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Patient-Controlled Analgesia for Cancer-Related Pain: Clinical Predictors of Patient Outcomes

Emily J. Martin, Eric J. Roeland, Madison B. Sharp, Carolyn Revta, James D. Murphy, Katherine E. Fero, and Heidi N. Yeung

-center, retrospective study, we evaluated PCA use and associated clinical outcomes in patients admitted to the hospital with cancer-related pain, defined as acute or chronic physical pain attributed to cancer or its treatment. Methods Study Cohort All

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Implementing the Fatigue Guidelines at One NCCN Member Institution: Process and Outcomes

Tami Borneman, Barbara F. Piper, Virginia Chih-Yi Sun, Marianna Koczywas, Gwen Uman, and Betty Ferrell

health care outcomes? JAMA 1999 ; 282 : 867 – 874 . 23. Allard P Maunsell E Labbe J Dorval M . Educational interventions to improve cancer pain control: a systematic review . J Palliat Med 2001 ; 4 : 191 – 203 . 24. Ferris FD

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Referral, Uptake, and Outcome of Genetic Counseling and Testing in Patients With Early-Onset Colorectal Cancer

Hareem Syed, Joshua Sommovilla, Carol A. Burke, Sarah McGee, Carole Macaron, Brandie Heald, Ruishen Lyu, Stephanie L. Schmit, Kanika Nair, Suneel Kamath, Smitha Krishnamurthi, Alok A. Khorana, and David Liska

to assess differences in continuous variables, and chi-square tests and Fisher exact tests were used to compare categorical variables. To identify risk factors that were associated with the outcomes of GC referral and GC appointment completion

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HSR19-079: Disparities in Accessing Screening Mammography: Opportunities for Improving Diagnostic Outcomes

Nila Alsheik, Zhaohui Su, Anna Lafontant, Gregory Donadio, Kathleen Troeger, Scott Pohlman, Melinda Talley, Vandana Menon, and Emily Conant

describe characteristics and outcomes of women who had only one screening mammogram versus those who had annual or biennial screens. Methods: A cloud-based big data platform is being used to integrate and transform data from electronic medical records

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HSR19-113: Valued Outcomes in the Cancer Experience (VOICE™): Scale Development and Initial Validation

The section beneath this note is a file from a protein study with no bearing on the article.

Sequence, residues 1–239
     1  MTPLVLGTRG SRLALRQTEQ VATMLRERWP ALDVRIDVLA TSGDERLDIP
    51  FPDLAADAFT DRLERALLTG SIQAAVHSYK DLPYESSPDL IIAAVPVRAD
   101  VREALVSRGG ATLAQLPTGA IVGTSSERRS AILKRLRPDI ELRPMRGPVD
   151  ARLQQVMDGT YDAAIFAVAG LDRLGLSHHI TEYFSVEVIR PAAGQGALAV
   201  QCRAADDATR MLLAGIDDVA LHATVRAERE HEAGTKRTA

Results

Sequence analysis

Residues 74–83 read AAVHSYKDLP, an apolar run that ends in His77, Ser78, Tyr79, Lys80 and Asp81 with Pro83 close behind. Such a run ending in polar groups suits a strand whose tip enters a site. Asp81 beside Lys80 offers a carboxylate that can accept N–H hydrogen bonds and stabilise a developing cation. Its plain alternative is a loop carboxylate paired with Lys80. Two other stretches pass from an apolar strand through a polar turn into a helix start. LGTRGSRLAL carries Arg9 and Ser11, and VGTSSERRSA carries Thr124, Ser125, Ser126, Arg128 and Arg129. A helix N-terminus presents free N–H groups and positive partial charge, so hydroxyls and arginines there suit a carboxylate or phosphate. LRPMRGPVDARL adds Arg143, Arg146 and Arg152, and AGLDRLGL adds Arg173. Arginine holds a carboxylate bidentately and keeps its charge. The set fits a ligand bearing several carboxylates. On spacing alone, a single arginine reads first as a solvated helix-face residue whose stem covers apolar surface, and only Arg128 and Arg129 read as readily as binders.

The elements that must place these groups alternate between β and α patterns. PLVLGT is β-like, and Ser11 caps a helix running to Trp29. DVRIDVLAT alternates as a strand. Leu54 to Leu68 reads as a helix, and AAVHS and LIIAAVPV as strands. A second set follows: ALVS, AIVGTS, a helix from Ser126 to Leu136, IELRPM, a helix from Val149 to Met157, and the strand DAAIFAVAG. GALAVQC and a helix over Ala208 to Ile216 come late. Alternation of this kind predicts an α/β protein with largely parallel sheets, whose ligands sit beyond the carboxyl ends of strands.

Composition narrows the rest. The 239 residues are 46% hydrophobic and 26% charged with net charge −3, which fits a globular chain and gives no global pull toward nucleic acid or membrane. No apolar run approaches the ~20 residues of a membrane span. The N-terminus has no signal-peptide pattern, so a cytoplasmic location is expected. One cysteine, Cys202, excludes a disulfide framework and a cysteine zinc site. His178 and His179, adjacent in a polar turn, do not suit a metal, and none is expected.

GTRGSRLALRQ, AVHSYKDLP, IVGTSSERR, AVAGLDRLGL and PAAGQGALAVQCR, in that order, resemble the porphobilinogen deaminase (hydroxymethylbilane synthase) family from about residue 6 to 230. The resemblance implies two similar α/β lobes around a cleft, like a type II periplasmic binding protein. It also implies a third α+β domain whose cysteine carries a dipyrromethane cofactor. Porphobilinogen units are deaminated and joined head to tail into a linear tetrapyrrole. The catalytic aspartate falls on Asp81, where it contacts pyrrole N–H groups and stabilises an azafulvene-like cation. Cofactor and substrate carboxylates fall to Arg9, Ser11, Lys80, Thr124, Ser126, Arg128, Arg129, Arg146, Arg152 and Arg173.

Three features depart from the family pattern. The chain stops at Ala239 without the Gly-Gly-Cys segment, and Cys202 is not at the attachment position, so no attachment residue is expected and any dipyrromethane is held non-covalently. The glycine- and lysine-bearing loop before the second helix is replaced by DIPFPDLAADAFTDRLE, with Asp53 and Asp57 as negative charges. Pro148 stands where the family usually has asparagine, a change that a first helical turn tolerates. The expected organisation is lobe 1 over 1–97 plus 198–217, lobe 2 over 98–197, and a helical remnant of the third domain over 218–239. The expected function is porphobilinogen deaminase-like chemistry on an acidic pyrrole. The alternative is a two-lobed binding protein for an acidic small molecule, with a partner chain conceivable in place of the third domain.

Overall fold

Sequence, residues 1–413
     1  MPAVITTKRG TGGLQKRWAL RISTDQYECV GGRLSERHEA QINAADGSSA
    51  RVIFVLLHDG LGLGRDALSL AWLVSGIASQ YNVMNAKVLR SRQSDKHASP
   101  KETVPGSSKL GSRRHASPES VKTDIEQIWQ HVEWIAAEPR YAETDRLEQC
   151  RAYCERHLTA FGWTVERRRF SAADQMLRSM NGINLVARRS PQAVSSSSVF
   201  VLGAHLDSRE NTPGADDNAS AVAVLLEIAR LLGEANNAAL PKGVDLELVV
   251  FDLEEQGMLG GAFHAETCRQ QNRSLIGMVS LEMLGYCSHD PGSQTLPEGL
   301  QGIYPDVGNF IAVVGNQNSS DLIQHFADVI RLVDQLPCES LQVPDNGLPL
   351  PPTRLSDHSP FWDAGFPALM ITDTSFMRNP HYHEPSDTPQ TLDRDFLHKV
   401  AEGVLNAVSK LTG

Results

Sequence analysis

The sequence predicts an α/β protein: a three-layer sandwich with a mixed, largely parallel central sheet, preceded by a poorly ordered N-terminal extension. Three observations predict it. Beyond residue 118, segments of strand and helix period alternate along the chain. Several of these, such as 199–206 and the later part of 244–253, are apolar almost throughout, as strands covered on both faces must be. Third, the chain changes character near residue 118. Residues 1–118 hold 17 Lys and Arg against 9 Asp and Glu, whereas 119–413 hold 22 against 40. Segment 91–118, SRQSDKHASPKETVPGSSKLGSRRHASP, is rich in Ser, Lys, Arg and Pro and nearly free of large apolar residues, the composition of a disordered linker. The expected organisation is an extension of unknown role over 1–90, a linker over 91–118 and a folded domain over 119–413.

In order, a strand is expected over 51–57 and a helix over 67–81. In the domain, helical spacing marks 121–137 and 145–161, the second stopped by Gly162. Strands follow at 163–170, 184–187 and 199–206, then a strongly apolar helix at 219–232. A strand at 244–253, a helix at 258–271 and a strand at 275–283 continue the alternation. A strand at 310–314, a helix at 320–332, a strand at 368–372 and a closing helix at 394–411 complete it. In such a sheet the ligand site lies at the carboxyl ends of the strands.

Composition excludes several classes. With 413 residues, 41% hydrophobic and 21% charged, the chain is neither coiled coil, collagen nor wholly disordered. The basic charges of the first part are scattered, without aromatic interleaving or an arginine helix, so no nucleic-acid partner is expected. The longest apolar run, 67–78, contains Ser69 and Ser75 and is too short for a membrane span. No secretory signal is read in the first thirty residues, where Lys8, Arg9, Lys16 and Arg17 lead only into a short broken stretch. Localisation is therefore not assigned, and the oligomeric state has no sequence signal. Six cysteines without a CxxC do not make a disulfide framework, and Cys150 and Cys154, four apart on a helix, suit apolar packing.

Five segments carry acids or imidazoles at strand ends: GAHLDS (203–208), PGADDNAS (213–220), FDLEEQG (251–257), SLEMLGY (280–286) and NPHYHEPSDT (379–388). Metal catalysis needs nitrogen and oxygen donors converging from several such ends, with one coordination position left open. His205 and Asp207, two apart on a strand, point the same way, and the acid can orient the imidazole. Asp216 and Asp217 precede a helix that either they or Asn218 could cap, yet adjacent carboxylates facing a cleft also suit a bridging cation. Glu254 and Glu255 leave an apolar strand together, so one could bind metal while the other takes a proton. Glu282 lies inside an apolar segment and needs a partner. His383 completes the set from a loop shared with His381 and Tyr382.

Alexandra K. Zaleta, Shauna McManus, Joanne S. Buzaglo, Eva Y. N. Yuen, Julie S. Olson, Melissa F. Miller, Karen Hurley, Lillie D. Shockney, Sara Goldberger, Mitch Golant, and Kevin Stein

Background: Despite growing recognition that patient preferences and values should inform cancer care, patients’ views continue to be under-represented. We developed a quantitative tool, Valued Outcomes in the Cancer Experience (VOICE), to measure

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HSR19-088: Severe Obesity Does Not Worsen Transplantation Outcome in Multiple Myeloma

Zhubin J. Gahvari, Michael Lasarev, Jens C. Eickhoff, Aric C. Hall, Peiman Hematti, Mark B. Juckett, Vaishalee P. Kenkre, and Natalie S. Callander

obesity and transplant outcomes in MM patients in the era of modern therapy, routine post-transplant maintenance, and genetic-based risk stratification. Methods: We retrospectively reviewed consecutive patients undergoing autoPBSCT for MM at our

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Outcomes From a Patient-Centered, Interprofessional, Palliative Consult Team in Oncology

Andrea Feldstain, Barry D. Bultz, Janet de Groot, Amane Abdul-Razzak, Leonie Herx, Lyle Galloway, Srini Chary, and Aynharan Sinnarajah

validated 12 – 15 ; however, it is considered a screening measure and not intended or appropriate for diagnostic purposes. Results in this study focus on outcomes regarding pain, fatigue, depression, anxiety, and well-being. Canadian Problem Checklist

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Impact of the First Generation of Children’s Oncology Group Clinical Trials on Clinical Practice for Wilms Tumor

Jeffrey S. Dome, Elizabeth A. Mullen, David B. Dix, Eric J. Gratias, Peter F. Ehrlich, Najat C. Daw, James I. Geller, Murali Chintagumpala, Geetika Khanna, John A. Kalapurakal, Lindsay A. Renfro, Elizabeth J. Perlman, Paul E. Grundy, and Conrad V. Fernandez

lack of lymph node sampling. AREN0532 demonstrated an excellent outcome with a high salvage rate for patients with disease relapse using a standardized regimen (DD4A; doxorubicin/vincristine/dactinomycin) and radiation therapy (RT) ( Table 2 ). 8 A

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Outcomes of a Dietary Intervention to Reduce Bladder Cancer Recurrence and Progression in Survivors of Non–Muscle-Invasive Bladder Cancer

Karen H. Kim Yeary, Han Yu, Margaret Gates Kuliszewski, Qiang Li, Susan E. McCann, Rachel Pratt, Frances G. Saad-Harfouche, Zinian Wang, Nikia Clark, Chong Wang, Elizabeth DiCarlo, and Li Tang

, with most (>85%) conducted in women and focusing on breast cancer. 27 – 29 These interventions have reported modest to moderate increases in diet quality and fruit and vegetable intake but no significant changes in cancer outcomes. 27 – 29 A recent

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Outcomes of Patients With Advanced Gastrointestinal Cancer in Relationship to Opioid Use: Findings From Eight Clinical Trials

Omar Abdel-Rahman, Hatim Karachiwala, and Jacob C. Easaw

potential of missing data or bias), and little attention to patients with advanced disease who received opioids for pain management rather than as a perioperative anesthetic. To provide a better assessment of the impact of opioid use on outcomes of patients